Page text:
The diagram below shows the changes in the cervix from 6 days before Peak (on the far left) until 4 days past Peak (on the far right). From left to right the pictures represent the cervix on days -6, -5, -4, -3, -2, -1 (before Peak), 0 (Peak Day), and then days +1, +2, +3, +4 (after Peak).


At six days before the Peak the oestrogen level is low and the narrow cervix is occluded by G mucus. The sperm are kept out in the vagina where their survival time is very short. The vulva feels dry or the woman may notice an unchanging pattern of a slight discharge. She is infertile - this is the time of the Basic Infertile Pattern which may have been ongoing for days or weeks up until this time. As the oestrogen level begins to rise (at 5 days before Peak on the diagram above) the P mucus liquefies the thick G mucus and, mixed together with the L mucus, leaves the cervix. The sperm cells can now enter the cervix. The mucus rapidly reaches the vulva which is no longer dry, indicating possible fertility. The changing pattern of fertility now begins.

As the oestrogen rises (days 4 to 1 before Peak) the G mucus diminishes, L mucus increases, S mucus begins and increases, and the P mucus occurs again very close to ovulation. The changes in the fertile pattern are observed at the vulva and are caused by the changing proportions of the mucus types (see graph below). Strings, due to the combination of L and S mucus, may appear 1 or 2 days before the Peak but disappear as the P mucus dissolves the L and S, leaving only a slippery sensation at the vulva. The woman is now at her most fertile.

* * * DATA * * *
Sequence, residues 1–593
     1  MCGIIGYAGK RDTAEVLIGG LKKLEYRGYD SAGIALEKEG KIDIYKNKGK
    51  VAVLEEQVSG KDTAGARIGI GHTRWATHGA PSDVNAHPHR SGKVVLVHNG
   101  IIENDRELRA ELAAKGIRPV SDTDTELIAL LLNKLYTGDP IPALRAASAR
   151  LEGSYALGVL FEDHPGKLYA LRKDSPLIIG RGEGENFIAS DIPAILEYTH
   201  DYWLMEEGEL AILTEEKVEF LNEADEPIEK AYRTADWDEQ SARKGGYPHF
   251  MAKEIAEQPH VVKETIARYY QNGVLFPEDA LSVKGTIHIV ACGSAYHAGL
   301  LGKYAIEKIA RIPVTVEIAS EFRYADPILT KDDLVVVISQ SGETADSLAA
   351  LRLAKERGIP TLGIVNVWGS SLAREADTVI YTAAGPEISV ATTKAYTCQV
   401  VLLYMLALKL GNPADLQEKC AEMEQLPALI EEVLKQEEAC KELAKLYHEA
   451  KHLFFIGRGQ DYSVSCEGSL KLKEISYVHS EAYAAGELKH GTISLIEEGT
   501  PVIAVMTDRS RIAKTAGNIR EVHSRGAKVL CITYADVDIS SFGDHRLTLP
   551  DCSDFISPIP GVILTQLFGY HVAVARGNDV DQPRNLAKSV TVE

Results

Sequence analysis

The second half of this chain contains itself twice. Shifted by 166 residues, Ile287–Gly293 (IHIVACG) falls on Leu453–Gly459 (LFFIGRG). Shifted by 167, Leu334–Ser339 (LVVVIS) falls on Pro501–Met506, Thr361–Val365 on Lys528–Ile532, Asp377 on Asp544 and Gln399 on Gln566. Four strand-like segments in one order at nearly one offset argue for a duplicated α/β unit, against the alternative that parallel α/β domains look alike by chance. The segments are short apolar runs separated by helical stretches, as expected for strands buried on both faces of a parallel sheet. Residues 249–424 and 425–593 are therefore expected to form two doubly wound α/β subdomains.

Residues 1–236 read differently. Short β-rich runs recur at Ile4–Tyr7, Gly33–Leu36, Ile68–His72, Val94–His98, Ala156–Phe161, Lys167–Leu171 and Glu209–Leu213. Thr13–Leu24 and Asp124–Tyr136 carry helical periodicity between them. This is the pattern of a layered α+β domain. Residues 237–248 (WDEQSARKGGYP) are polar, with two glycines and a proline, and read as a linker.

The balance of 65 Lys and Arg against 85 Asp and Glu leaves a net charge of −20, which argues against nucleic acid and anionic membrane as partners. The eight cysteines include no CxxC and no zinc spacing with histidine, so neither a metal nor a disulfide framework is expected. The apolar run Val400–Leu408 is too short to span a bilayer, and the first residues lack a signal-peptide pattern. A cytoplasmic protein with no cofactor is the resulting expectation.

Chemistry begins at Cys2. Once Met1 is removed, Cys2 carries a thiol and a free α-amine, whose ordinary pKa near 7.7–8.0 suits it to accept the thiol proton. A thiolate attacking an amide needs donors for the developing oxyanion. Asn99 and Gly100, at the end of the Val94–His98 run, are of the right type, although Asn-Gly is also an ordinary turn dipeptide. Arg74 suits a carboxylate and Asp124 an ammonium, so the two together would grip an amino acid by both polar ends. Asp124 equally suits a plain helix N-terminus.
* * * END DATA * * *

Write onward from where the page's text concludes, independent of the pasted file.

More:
Day 0 - ovulation is imminent. The cervix has reached its peak development for conception. The oestrogen level is high and is about to fall steeply. Conditions are most favourable for selection and rapid transport of high quality sperm. Progesterone is beginning to rise. The vulva is slippery and swollen indicating the Peak of fertility.

Over days 1, 2 and 3 past the Peak the G mucus begins to form in the lower crypts. Channels for sperm transport exist in diminishing numbers over these three days. As ovulation may occur on Days 0 or +1 or +2 past the Peak, and as the ovum may survive up to 24 hours, conception is possible until the fourth day after the Peak. The vulva is now dry or sticky, due to the action of the rising progesterone on the Pockets of Shaw at the lower end of the vagina, which absorb the moisture from any mucus before it reaches the vulva. Though the woman feels no longer wet or slippery, these three days are still fertile.

From the fourth day past the Peak until the beginning of the following menstruation (11-16 days later) the woman is infertile and the cervix is occluded with G mucus.